The AIHA Partnership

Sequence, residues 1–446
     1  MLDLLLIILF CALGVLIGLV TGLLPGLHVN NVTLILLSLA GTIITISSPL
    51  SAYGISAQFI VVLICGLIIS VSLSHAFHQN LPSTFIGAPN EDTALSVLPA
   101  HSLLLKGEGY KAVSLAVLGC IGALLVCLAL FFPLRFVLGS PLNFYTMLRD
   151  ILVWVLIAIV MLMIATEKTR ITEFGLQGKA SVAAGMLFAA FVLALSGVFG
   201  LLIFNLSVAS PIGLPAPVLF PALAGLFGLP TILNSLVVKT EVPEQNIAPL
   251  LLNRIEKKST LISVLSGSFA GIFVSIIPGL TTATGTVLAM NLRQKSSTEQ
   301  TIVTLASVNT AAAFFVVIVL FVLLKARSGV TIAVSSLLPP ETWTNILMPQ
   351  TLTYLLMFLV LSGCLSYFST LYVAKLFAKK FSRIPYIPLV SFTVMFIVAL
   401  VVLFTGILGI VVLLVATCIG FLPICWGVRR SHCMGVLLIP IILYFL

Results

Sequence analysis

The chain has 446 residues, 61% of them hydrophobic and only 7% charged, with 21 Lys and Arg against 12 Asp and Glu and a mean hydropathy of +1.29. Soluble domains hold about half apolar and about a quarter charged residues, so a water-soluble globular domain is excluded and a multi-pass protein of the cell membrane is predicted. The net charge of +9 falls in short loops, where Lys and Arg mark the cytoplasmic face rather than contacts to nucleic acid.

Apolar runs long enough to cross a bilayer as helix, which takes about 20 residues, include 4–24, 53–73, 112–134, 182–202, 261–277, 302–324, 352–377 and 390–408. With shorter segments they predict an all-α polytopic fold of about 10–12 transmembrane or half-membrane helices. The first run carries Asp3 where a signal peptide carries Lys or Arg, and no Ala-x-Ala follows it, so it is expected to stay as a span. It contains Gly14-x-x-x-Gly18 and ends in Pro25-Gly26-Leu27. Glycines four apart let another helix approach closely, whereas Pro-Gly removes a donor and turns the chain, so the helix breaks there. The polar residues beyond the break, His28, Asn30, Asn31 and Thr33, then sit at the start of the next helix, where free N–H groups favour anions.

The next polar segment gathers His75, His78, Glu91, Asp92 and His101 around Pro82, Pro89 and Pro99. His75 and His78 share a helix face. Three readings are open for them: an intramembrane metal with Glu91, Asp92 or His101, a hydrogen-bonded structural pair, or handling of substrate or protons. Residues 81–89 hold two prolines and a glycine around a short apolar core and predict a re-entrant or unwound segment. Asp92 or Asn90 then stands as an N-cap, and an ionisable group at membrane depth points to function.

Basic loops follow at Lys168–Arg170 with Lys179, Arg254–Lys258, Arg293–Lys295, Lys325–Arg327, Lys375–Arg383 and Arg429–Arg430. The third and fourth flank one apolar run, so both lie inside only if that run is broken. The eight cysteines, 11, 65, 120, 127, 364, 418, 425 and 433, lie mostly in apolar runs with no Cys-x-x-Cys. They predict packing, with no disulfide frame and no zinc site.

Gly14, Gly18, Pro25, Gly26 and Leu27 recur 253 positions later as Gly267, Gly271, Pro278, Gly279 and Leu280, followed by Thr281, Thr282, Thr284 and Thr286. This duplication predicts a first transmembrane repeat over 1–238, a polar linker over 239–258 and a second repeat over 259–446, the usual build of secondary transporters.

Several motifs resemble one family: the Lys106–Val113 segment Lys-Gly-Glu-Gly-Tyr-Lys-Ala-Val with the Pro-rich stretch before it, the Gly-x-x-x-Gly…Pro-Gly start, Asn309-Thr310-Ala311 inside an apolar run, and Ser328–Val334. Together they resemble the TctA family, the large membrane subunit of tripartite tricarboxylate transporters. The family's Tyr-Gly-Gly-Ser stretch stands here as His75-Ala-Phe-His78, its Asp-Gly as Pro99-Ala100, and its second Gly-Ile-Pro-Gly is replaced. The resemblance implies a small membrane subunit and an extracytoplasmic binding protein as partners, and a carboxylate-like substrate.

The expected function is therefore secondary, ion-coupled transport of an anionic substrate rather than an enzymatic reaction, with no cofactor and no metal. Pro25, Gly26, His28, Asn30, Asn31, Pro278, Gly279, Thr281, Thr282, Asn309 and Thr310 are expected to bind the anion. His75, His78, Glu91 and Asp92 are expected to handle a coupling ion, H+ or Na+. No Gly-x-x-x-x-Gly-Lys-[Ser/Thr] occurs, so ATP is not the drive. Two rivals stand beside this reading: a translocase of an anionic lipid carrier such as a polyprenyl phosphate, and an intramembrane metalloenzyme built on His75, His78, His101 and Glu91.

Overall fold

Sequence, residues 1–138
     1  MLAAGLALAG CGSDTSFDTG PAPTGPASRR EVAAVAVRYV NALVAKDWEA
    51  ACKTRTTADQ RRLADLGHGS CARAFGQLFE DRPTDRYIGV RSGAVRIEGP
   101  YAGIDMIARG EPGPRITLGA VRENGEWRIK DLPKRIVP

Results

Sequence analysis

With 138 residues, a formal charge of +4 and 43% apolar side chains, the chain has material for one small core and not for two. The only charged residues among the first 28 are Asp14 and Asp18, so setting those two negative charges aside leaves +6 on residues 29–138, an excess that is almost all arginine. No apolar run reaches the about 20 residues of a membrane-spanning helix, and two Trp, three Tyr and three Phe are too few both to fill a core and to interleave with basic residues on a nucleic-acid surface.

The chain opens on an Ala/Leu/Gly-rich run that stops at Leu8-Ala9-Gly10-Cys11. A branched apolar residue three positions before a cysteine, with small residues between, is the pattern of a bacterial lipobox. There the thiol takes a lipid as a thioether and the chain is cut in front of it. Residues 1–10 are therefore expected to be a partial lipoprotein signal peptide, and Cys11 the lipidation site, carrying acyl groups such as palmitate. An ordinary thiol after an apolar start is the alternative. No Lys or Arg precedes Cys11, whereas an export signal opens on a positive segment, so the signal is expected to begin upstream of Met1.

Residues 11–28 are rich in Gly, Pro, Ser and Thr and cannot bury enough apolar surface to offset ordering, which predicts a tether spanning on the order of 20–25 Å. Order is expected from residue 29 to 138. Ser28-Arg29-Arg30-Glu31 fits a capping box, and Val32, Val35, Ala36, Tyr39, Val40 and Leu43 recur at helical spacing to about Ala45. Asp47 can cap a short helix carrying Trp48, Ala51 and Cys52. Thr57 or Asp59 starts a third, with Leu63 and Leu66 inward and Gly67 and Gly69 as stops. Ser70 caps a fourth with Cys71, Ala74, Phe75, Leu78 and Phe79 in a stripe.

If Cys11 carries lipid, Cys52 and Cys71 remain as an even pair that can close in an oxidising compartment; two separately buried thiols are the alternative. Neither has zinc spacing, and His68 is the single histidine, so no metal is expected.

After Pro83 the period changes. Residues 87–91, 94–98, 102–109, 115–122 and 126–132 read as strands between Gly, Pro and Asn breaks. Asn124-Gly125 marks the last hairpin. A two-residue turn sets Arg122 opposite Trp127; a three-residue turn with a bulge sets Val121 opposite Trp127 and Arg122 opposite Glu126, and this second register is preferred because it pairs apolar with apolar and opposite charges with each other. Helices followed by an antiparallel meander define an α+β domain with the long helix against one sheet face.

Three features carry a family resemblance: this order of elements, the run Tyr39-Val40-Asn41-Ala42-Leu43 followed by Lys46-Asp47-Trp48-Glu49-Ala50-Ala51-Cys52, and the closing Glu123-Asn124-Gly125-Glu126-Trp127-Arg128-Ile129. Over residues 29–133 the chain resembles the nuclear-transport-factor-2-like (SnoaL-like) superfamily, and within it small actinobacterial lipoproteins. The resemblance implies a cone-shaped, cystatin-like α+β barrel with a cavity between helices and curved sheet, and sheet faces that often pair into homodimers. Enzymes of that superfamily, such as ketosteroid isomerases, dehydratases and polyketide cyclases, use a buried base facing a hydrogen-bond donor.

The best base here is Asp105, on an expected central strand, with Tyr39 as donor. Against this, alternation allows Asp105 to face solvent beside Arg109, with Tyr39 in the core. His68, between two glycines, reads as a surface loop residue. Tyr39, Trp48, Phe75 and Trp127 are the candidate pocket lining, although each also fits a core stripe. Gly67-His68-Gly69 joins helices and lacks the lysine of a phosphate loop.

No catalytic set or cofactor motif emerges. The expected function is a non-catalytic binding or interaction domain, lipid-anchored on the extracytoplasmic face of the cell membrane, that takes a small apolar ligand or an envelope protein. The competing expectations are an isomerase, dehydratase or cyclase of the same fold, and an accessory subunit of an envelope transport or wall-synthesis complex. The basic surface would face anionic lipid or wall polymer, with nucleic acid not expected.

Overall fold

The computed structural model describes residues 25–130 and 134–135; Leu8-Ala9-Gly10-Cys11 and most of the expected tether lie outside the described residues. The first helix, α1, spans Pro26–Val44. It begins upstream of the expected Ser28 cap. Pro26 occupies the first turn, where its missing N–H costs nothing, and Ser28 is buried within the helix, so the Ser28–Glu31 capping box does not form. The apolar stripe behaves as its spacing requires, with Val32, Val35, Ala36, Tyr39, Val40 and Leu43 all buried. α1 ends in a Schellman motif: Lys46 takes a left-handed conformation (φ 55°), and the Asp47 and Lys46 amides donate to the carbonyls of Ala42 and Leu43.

AIHA is truly a partnership of members, volunteer leaders, and staff, and this past year we’ve had many successes. This month’s column, my final one as AIHA president, shares some of the progress we’ve made together.